February 2022 Bee Article

As a leader in Government, I have found that over the past two years, the COVID-19 pandemic has highlighted problems in our system that have long existed but weren’t directly addressed. Moving forward, we now have the opportunity to make much needed change that will benefit all in our community. Earlier this month I had the pleasure of attending a press conference to share the results of a vitally important research study. The Live Well Erie Emergency Child Care Task Force was assembled to determine the “true cost” of child care in our county and to work towards a better system for parents, caregivers, and most importantly, our children.

Changes in our workforce, along with new remote school structures, have left many families searching for new solutions to their children’s care. Unfortunately, the number of child care workers in our community has been significantly declining, now reaching the lowest workforce in a decade. These individuals are also some of the lowest paid workers in our community, though their jobs require advanced training and degrees. Likewise, childcare providers rates, set by New York State, have remained stagnant or seen only minimal increases. Because of this, providers are stuck in the impossible positions of having to pay their workforce fairly, while equally supporting the children they serve, all out of a very limited budget.

According to the data from our county, those surveyed had an average hourly wage of $10.38. The average “living wage” for a single adult is estimated to be $14.59 per hour. As a task force, we understand that these inadequacies are felt not only by those working in the industry themselves, but also by our families and children who rely on their services. Speaking to those who operate centers, 7/10 have said that due to the costs of upkeep and uncompensated hours, they are not able to offer services that they would wish to provide.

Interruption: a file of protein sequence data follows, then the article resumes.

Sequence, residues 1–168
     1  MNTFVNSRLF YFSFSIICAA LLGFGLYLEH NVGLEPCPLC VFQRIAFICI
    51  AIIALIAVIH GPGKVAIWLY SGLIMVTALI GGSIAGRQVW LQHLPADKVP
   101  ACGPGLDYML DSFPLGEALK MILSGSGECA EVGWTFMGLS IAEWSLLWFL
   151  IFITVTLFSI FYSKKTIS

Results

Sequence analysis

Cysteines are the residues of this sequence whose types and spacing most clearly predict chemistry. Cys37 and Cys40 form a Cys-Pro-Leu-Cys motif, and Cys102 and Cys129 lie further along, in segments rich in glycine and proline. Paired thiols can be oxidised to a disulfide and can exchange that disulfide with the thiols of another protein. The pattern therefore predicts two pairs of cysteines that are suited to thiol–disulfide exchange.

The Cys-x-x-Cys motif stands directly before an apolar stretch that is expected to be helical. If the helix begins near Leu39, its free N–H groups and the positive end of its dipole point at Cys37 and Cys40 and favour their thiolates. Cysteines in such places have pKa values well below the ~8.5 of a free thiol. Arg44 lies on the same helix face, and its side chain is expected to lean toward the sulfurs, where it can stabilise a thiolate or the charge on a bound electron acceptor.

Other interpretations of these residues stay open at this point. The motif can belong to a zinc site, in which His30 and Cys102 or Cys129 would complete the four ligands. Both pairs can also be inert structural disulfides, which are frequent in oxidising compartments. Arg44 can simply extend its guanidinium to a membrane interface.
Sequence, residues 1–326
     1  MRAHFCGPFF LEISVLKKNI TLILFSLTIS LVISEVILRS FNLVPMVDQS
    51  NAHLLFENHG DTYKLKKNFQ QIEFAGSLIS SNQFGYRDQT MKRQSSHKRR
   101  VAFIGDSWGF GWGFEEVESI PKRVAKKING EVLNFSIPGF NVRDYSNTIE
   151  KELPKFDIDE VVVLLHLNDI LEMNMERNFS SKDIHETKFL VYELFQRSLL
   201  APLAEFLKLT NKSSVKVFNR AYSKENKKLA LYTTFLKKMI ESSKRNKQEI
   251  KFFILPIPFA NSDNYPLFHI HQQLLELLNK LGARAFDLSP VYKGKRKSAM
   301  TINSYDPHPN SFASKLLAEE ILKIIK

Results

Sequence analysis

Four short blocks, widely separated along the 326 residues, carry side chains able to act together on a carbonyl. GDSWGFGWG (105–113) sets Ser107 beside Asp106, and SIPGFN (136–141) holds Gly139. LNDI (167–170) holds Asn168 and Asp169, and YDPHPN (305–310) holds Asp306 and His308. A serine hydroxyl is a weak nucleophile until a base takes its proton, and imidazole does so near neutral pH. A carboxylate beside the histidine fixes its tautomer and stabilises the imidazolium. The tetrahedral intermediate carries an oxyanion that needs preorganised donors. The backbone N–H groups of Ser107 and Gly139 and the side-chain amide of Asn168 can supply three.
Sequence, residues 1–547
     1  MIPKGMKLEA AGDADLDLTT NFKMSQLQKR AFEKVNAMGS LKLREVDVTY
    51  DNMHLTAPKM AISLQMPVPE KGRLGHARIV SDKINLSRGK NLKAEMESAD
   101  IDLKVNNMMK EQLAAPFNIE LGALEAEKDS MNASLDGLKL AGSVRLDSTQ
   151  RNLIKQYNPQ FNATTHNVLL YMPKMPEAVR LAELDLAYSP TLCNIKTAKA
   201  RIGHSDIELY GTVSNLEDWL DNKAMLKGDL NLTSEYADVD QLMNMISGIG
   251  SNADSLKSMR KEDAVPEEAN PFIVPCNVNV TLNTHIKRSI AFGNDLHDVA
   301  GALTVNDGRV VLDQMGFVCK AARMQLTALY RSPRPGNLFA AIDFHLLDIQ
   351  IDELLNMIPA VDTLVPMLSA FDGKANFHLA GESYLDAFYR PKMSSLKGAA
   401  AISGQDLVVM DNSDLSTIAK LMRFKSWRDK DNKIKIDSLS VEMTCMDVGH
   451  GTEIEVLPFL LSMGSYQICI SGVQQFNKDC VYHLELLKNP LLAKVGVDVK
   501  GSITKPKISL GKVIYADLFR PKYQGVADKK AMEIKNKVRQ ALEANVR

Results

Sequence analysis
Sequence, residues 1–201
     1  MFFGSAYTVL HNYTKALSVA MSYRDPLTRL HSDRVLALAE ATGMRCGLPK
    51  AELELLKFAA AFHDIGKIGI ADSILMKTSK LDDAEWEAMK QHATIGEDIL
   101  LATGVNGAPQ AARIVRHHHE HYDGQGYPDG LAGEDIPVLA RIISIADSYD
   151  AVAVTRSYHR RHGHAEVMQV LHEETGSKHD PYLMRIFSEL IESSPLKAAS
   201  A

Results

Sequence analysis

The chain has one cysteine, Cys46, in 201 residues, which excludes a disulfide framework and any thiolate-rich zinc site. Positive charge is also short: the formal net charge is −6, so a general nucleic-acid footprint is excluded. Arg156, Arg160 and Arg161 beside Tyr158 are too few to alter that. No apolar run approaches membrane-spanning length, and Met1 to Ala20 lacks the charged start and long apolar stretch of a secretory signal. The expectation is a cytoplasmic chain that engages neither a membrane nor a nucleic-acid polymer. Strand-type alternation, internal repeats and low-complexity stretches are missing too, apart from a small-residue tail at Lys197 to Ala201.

During the pandemic many parents, especially working mothers, were forced to reduce their hours or leave the workforce altogether due to a lack of child care options. Labor shortages in any industry have a direct impact on our overall economy, and community as a whole. We’ve also seen numerous childcare centers close their doors over the last two years. As a former working mother, I truly understand the importance of providing accessible, quality child care options to keep these women in their careers and keep our kids healthy.

Using this important information, we hope to continue advocating for policy reforms, local initiatives, and subsidy increases. I look forward to working together with the entire task force towards reaching a solution. It is so important that we make these changes to improve life for our child care workers and to provide our children with the highest quality of care.

I also want to take this opportunity to share some great news for our District’s First Responders. I am proud to announce that I was able to secure $150,000 for the Kenmore Volunteer Fire Department. The funds will assist with essential renovations and improvements to the Nash Road facility, helping our more than 30 volunteers to perform these heroic duties in the Village and nearby communities.

An additional $100,000 will be awarded to the Town of Tonawanda Paramedic Unit. The Town Paramedics have an exemplary reputation in our community, dedicating themselves to providing high quality medical care.

And, if you’re looking for a quick and easy meal on the 27th of this month, the Firehouse at 16 Nash Road will be holding its annual chicken barbeque, with takeout available between 11:30 a.m. to 5:30 p.m. What a great way to say “thank you” to the Village firefighters! As always, please feel free to reach out to me at any time via email at lisa.chimera@erie.gov, or to reach my district office by phone, call (716-832-0493).

03/14/2022 - 3:29 pm